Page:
Relief and government officials are rushing to meet the needs of all hungry and disease-threatened flood victims, but the prolonged disaster has sparked frustrations. Nearly 2,000 victims of Cambodia's floods marched on offices of the United Nations and Red Cross last Friday demanding food and accusing the government of siphoning off flood relief.

The crowd of mainly farmers, led by opposition leader and government critic, Sam Rainsy, marched first to the offices of the UN's World Food Program and Federation before gathering outside the Cambodian Red Cross building.

Representatives from both international agencies came out to meet the opposition leader and hear his complaints. The secretary general of the Cambodian Red Cross, Mey Samedi, agreed to provide the crowd with relief packages, each which would contain 25 kilograms of rice. The World Food Program is currently feeding more than 500,000 Cambodians who have lost property and crops.

DisasterRelief.org is a unique partnership between the American Red Cross, IBM and CNN dedicated to providing information about disasters and their relief operations worldwide. The three-year-old website is a leading disaster news source and also serves as a conduit for those wishing to donate to disaster relief operations around the globe through the international Red Cross movement.

American Red Cross disaster assistance is free, made possible by voluntary donations of time and money from the American people. To help the victims of disaster, you may make a secure online credit card donation or call 1-800-HELP NOW (1-800-435-7669) or 1-800-257-7575 (Spanish). Or you may send your donation to your local Red Cross or to the American Red Cross, P.O. Box 37243, Washington, D.C. 20013.

The American Red Cross is dedicated to helping make families and communities safer at home and around the world. The Red Cross is a volunteer-led humanitarian organization that annually provides almost half the nation's blood supply, trains nearly 12 million people in vital life-saving skills, mobilizes relief to victims in more than 60,000 disasters nationwide, provides direct health services to 2.5 million people, assists international disaster and conflict victims in more than 20 countries, and transmits more than 1.4 million emergency messages to members of the Armed Forces and their families. If you would like information on Red Cross services and programs please contact your local Red Cross.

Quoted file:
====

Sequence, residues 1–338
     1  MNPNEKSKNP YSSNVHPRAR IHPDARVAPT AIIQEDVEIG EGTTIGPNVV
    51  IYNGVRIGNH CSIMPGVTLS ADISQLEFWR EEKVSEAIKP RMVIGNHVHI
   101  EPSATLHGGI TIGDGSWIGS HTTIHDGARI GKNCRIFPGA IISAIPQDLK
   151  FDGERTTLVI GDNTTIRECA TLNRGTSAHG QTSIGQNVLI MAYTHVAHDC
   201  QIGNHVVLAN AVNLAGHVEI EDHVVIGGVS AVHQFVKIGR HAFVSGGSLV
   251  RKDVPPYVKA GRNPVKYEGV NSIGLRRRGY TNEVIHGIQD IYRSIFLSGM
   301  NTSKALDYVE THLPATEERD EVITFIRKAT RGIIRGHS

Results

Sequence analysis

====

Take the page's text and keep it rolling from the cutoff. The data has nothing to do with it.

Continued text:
=A9 Copyright 2000, The American National Red Cross. All Rights Reserved.

DisasterRelief
DisasterRelief.org is a unique partnership between the American Red Cross, IBM and CNN dedicated to providing information about disasters and their relief operations worldwide. The three-year-old website is a leading disaster news source and also serves as a conduit for those wishing to donate to disaster relief operations around the globe through the international Red Cross movement. American Red Cross disaster assistance is free, made possible by voluntary donations of time and money from the American people. To help the victims of disaster, you may make a secure online credit card donation or call 1-800-HELP NOW (1-800-435-7669) or 1-800-257-7575 (Spanish). Or you may send your donation to your local Red Cross or to the American Red Cross, P.O. Box 37243, Washington, D.C. 20013. The American Red Cross is dedicated to helping make families and communities safer at home and around the world. The Red Cross is a volunteer-led humanitarian organization that annually provides almost half the nation's blood supply, trains nearly 12 million people in vital life-saving skills, mobilizes relief to victims in more than 60,000 disasters nationwide, provides direct health services to 2.5 million people, assists international disaster and conflict victims in more than 20 countries, and transmits more than 1.4 million emergency messages to members of the Armed Forces and their families. If you would like information on Red Cross services and programs please contact your local Red Cross. © Copyright, The American National Red Cross. All Rights Reserved.